Special to The PREVIEW
Q: What is a FICO score and how does it affect my ability to buy a home?
A: The FICO score is the best-known and most widely used credit score model in the United States.
First introduced in 1989, the system was designed to create consumer credit scores using information provided by one of the three major credit reporting agencies — Equifax, Experian or TransUnion, with scores ranging between 300 on the low end to 850 on the high end. FICO itself is not a credit reporting agency. Your FICO score is a primary factor in determining whether you pay a higher interest rate, how much a lending institution is willing to lend you to purchase a home, or getting denied all together.
Any time you need to borrow money to purchase a home, car or other large items, lenders examine your credit score to see if you are “credit worthy.” The concern for the lender is whether you will be able to repay the loan on a schedule you agree to follow. Today’s lenders are even more cautious about taking on unnecessary risk and have the relatively new government mandated “ability-to-pay” rule to contend with, as well, before they approve you for a home loan.
As a result, your FICO score becomes even more important in determining if you will be able to borrow the money you need.
In addition, your Realtor will want to know your credit worthiness in order to effectively guide you in finding a home that is within your financial reach and to assist you through the loan process. Sellers who are evaluating multiple offers for their home will seriously consider your offer if you can prove you are credit worthy for a home loan. One of the first steps in that process may be to ask a lender to review your credit score and provide you with a letter showing that you have the resources to obtain and pay off an appropriate loan.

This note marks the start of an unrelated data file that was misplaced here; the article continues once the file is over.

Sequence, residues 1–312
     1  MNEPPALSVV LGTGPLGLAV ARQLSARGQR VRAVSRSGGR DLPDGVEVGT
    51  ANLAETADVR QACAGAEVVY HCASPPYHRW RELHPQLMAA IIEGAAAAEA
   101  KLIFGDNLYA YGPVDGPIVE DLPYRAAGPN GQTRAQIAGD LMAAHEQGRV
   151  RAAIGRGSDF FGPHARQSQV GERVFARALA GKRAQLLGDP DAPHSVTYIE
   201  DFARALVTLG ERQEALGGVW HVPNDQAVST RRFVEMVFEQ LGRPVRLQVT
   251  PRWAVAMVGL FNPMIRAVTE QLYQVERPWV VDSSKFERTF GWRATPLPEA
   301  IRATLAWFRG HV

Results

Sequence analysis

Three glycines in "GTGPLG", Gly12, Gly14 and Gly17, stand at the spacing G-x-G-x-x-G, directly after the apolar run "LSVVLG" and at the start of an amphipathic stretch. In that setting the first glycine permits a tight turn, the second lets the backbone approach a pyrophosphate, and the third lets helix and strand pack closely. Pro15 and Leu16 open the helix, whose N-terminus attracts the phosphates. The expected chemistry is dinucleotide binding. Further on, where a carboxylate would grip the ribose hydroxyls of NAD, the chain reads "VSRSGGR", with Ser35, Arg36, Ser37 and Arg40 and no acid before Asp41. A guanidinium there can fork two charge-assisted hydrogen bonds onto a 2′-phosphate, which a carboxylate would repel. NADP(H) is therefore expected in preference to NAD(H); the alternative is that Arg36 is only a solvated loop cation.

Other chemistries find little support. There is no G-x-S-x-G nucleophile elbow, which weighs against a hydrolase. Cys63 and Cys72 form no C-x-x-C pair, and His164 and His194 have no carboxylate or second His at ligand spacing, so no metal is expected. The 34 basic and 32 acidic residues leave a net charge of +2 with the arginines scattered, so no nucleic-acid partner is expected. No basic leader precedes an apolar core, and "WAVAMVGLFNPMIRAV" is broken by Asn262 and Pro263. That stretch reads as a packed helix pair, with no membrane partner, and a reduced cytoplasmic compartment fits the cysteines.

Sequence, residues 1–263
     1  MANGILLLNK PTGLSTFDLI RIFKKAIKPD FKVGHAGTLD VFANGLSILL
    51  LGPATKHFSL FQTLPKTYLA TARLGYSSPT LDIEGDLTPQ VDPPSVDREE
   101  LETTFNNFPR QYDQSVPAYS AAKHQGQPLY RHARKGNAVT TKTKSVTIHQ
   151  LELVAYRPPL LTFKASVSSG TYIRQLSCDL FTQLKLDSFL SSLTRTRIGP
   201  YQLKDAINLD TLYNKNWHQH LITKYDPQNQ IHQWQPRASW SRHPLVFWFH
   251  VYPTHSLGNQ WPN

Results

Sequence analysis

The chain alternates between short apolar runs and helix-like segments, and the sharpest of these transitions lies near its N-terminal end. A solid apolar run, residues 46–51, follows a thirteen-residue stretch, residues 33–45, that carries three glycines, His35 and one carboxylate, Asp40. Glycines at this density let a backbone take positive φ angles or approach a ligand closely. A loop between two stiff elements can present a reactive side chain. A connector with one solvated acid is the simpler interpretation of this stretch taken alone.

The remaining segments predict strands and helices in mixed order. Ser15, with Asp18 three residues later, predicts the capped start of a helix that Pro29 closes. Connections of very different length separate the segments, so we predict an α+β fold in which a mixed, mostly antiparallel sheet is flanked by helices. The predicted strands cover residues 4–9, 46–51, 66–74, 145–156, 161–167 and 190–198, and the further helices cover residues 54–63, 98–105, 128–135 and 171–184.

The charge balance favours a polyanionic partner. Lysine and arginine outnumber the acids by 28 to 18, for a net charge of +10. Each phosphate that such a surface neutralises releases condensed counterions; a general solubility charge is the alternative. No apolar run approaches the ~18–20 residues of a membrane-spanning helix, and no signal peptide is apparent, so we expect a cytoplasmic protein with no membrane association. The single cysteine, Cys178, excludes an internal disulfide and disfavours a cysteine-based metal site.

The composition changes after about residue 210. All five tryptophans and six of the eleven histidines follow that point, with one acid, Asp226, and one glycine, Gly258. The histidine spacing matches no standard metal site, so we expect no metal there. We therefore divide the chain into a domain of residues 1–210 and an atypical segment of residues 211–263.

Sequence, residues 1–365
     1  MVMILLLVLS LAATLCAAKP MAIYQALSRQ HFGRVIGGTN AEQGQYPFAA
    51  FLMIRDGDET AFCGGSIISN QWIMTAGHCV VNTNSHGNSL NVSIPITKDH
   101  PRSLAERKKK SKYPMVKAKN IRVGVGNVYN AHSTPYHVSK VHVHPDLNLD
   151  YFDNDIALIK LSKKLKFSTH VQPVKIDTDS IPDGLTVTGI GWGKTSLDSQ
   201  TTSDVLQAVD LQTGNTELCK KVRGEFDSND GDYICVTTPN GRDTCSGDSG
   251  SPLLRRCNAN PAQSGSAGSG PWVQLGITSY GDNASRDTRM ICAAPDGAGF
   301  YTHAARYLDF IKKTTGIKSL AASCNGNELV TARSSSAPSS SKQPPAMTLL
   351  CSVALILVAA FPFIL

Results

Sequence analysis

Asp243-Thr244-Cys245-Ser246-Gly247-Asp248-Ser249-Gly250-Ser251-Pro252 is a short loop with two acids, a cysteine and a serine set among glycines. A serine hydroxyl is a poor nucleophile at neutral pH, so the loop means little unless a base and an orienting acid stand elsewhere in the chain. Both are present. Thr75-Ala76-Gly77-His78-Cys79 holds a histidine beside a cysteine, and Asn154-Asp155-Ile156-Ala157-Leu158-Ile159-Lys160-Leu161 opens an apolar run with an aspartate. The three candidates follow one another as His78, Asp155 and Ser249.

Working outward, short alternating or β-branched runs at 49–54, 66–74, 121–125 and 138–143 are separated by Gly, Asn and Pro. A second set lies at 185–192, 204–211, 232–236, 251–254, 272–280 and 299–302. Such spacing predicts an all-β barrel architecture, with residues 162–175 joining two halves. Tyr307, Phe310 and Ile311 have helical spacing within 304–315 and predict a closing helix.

A single mistake, intentional or not, on your credit history may cause you problems when requesting approval for a home loan. It is recommended that you check your credit history annually. Credit reports can often be obtained free of charge on an annual basis through the major credit reporting agencies.
You can purchase your FICO score online. You can also request a disclosure that includes this information if you are ever turned down for credit or charged more by a lender. Some banks and credit unions even offer these reports for free as a part of your account.
Some of the main factors that determine your score and how they are weighted are:
• Payment history (35 percent).
• Debt/amounts owed (30 percent).
• Age of credit history (15 percent).
• New credit/inquiries (10 percent).
• Mix of accounts/types of credit (10 percent).
All of these factors are considered in other credit score models, so it’s safe to say that if you have a strong FICO score, you likely have a good score with other models, as well. When you check your credit score, don’t get too hung up on the specific number. Instead, focus on what areas of your credit are strong and which ones you might want to work on to improve your credibility.
Once you check this off your home shopping list, you are one step closer to owning a place you can call home.
This article was provided by the Colorado Association of Realtors.